Wednesday, July 23, 2014

Atlanta Cyclorama is getting a new home: Leaving Grant Park for Buckhead

(MSTSD and R.L. Brown & Associates)

The Atlanta Cyclorama, a cultural and historic city landmark, is moving from its longtime Grant Park home to the Atlanta History Center's campus in Buckhead, according to an announcement made Wednesday after years of study and discussion.

The 19th century painting-in-the-round of the Battle of Atlanta will still belong to the city, Mayor Kasim Reed said in a joint statement, but will be restored under the stewardship of the AHC. Plans must be approved by Atlanta City Council.

The Cyclorama was last overhauled 30 years ago. Some observers have said the mural, painted in 1885-86, is deteriorating and needs significant work.

"The move, which will take two years to complete, will relocate The Battle of Atlanta painting, the locomotive Texas and other Civil War artifacts to the Atlanta History Center where they will be restored and housed in a new state-of-the-art facility," a statement from the city and Atlanta History Center said. "The existing Cyclorama building will be developed into a premier community and event space as part of upgrades by Zoo Atlanta."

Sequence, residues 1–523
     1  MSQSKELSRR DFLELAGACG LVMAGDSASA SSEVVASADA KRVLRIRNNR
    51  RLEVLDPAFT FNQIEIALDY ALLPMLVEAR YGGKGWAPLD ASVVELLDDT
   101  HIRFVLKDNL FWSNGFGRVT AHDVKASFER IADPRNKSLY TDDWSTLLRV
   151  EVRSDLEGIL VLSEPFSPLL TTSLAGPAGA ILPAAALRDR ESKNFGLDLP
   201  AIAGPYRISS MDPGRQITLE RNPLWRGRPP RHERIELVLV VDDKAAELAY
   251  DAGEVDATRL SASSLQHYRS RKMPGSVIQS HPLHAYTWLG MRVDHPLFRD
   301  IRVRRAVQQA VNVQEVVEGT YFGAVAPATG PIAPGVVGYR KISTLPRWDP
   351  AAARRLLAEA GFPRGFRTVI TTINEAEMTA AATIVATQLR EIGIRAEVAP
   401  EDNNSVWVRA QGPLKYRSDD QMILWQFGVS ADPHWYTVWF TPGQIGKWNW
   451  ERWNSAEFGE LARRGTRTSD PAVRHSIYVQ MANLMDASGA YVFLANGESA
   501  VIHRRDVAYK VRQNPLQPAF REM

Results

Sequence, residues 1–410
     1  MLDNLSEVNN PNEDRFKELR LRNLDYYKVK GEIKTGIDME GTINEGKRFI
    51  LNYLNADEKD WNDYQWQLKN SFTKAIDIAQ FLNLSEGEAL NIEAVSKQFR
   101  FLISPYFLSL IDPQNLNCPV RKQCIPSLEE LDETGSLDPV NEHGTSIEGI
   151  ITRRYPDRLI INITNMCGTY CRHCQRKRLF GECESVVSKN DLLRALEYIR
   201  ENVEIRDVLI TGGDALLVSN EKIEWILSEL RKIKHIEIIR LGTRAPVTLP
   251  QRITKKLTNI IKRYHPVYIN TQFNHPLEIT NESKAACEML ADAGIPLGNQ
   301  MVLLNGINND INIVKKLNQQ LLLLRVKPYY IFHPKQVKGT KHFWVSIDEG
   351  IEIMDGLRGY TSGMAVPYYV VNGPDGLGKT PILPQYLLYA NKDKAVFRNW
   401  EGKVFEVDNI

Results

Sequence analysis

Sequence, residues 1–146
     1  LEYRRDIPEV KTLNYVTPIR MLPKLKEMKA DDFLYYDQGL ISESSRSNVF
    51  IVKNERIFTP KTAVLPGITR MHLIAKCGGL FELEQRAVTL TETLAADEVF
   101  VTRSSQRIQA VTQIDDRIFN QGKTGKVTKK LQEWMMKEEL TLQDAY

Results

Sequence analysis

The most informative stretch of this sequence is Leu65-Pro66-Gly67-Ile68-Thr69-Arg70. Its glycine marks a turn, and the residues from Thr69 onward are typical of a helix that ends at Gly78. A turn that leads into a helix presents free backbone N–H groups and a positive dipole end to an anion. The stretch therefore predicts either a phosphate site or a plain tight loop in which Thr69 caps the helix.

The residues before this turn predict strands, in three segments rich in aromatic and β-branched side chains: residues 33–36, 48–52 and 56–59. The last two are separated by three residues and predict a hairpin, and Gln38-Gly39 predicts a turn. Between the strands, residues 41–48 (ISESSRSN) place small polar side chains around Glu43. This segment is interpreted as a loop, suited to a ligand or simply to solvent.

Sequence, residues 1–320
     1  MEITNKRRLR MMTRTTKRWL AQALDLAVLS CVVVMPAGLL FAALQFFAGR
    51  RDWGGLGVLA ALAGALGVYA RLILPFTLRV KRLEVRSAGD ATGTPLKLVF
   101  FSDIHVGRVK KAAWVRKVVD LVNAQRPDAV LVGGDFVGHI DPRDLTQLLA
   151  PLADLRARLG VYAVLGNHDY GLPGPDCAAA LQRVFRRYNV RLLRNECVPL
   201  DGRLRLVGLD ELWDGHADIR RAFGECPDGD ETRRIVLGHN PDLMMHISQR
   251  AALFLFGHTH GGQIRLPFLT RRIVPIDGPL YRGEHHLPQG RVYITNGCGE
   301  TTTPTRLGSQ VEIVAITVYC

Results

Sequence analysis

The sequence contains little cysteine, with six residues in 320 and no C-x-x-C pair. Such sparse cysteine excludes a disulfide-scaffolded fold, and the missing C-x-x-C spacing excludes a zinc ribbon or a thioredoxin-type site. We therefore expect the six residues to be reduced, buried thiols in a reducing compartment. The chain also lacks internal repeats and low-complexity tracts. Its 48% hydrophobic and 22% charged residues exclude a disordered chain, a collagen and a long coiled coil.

Zoo Atlanta is adjacent to the Cyclorama.

"There has been overwhelming positive reaction and it is a win-win situation," Gordon L. Jones, senior military historian and curator at the AHC, told the Picket this afternoon.

Construction will begin in summer 2015 on a custom-built annex at the Atlanta AHC to house the painting. The move will take two years to complete and restoration will begin at the painting's current location. The 23,000-square foot addition is planned for the northeast corner of the AHC campus, officials said, and will connect to the current museum.

(MSTSD and R.L. Brown & Associates)

The AHC location apparently won out over the option of moving the painting to Centennial Olympic Park in downtown Atlanta.

The AHC has already committed to $32.2 million for the project. Jones said about $10 million will be spent on the new building and about $11 million for the restoration. The project will include a $10 million endowment.

"The History Center intends to restore the painting to its full size and overall height, and to re-create the 128-year-old painting’s original visual perspective – both of which have been lost for nearly 100 years," the statement says. It says the AHC will create a 3-D experience for visitors who will see the mural "as it was originally intended to be viewed in the 19th century."

A December 2011 Civil War Picket article reported on a task force set up by Reed to look into the painting's future. Attendance at the Cyclorama had flagged in recent years, though there had been a recent increase, and the city was concerned about funding and the condition of the mural and related exhibits.

Areas under consideration for a possible move were the Atlanta History Center campus, the former World of Coca-Cola site in Underground Atlanta and a stretch of popular venues at or near Centennial Olympic Park in downtown.